“If you get the breath knocked out of you, sniff air through your nose, and you will recover quicker.” My cousin had returned home from Europe for a visit, and we were catching up on recent events and sharing experiences.
“I wished you had told me this a few months ago,” I replied.
“Oh, why is that?” he asked. In reality, I did not want to explain; it had not been one of the finer moments my life. “Wow, you hesitated, so this story must be a good one!” he said with a grin.
“Ok fine, but no laughing,” I demanded.
“Of course not, ” my cousin said nodding. I should have known from the grin he was trying to hide he did not intend to keep his promise.
Several months ago, I saw an old rope in the storage building; I did not think about it again until I went walking down by the local creek. The steep banks covered entirely by trees, on the western side of the creek, gave me an exciting idea. Early, the next Saturday morning, I climbed the precarious banks covered in dead leaves and loose stones looking through the low hanging limbs for just the right branch. Then among the many limbs, I found one that was easy to reach. Tying a stone to one end of the rope, I threw the rope over the selected limb twice to take up the slack. After carefully determining the proper length, just above ground level, I secured the loop with multiple knots to complete the swing. Placing my foot in the loop, and stepping back for a running start, I pushed off the bank. In one moment, I went from fear to joy as I swung out high over the creek. On later swings, I was able to touch low hanging leaves and limbs in nearby trees. I repeated this newfound diversion numerous times for another hour until I heard a loud crack in mid-flight of one of my most powerful swings. Being several feet off the ground, and having plenty of forward momentum, I bounced several times on the bank as I tumbled towards the bottom. I tried to stop my plummet several times, but I was at gravity’s mercy, and it was going to teach me a lesson. The last bounce threw me against a tree root overhanging the creek’s edge. Stunned, I did not feel my final landing in the creek until water began to soak through my jeans. The cool water immediately gave me a shock and the need to inhale, but I could not. My lungs were tighter than a clenched fist; I made terrible noises straining to draw in morsels of air to satisfy my screaming lungs. Slowly, I began to recover with abbreviated gasps that eventually ceased the thundering desire for oxygen in my head.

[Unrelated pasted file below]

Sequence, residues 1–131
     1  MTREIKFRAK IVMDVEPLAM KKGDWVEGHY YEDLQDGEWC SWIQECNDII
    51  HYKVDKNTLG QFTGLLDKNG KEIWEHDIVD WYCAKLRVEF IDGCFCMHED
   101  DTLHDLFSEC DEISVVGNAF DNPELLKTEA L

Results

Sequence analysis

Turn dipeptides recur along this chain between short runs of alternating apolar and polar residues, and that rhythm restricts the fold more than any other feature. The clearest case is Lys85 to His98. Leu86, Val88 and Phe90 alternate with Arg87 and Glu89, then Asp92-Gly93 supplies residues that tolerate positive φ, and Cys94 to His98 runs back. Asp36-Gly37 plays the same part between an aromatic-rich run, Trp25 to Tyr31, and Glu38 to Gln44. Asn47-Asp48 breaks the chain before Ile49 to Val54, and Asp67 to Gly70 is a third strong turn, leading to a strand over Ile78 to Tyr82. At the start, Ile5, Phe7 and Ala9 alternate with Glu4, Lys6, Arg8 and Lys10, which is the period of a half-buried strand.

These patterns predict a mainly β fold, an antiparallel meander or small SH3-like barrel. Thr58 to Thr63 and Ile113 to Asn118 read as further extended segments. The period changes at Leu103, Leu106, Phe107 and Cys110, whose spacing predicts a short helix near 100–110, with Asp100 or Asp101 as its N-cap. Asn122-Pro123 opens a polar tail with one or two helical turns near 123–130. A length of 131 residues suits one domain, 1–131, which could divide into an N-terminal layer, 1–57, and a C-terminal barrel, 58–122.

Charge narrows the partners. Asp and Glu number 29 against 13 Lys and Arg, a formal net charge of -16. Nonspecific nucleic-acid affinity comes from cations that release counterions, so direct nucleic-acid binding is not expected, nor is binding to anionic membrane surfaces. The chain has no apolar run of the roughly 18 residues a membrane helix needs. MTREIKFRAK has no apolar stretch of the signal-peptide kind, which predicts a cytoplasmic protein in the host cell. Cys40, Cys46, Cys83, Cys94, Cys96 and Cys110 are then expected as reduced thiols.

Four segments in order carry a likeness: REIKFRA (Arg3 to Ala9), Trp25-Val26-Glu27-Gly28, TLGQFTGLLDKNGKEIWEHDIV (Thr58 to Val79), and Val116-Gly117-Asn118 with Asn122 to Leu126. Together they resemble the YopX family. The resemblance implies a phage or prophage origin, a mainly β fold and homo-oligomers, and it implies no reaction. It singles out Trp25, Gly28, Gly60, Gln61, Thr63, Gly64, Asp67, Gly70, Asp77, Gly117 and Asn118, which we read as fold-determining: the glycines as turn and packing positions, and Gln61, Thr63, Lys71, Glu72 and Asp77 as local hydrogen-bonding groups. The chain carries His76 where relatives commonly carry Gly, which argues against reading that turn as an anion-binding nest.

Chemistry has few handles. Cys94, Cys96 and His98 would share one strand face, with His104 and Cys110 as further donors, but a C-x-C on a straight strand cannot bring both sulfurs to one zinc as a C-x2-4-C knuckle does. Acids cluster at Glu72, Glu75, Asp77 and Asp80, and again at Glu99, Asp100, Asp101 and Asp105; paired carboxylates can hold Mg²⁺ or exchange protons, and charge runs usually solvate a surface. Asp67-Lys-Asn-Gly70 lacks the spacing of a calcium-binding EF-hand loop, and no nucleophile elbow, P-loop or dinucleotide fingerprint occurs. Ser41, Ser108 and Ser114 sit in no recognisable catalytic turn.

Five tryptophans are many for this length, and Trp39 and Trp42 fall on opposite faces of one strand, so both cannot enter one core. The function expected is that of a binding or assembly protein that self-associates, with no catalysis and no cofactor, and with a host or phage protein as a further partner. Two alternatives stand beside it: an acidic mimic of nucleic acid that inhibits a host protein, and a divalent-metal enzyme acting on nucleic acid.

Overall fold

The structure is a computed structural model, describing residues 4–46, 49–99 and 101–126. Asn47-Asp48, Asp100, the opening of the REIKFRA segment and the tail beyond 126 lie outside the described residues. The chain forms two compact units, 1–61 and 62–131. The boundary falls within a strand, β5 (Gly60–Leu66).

My cousin roared with laughter as soon as I explained that the limb had broken. “ You promised!” I said disappointedly.
“Well, what did you think was going to happen? An old rope, a weak tree limb, or swinging twenty feet above the creek: I mean you tell me, which part of this story does not scream bad idea?” my cousin asked.
Reluctantly I relented, “All of the above I guess.”
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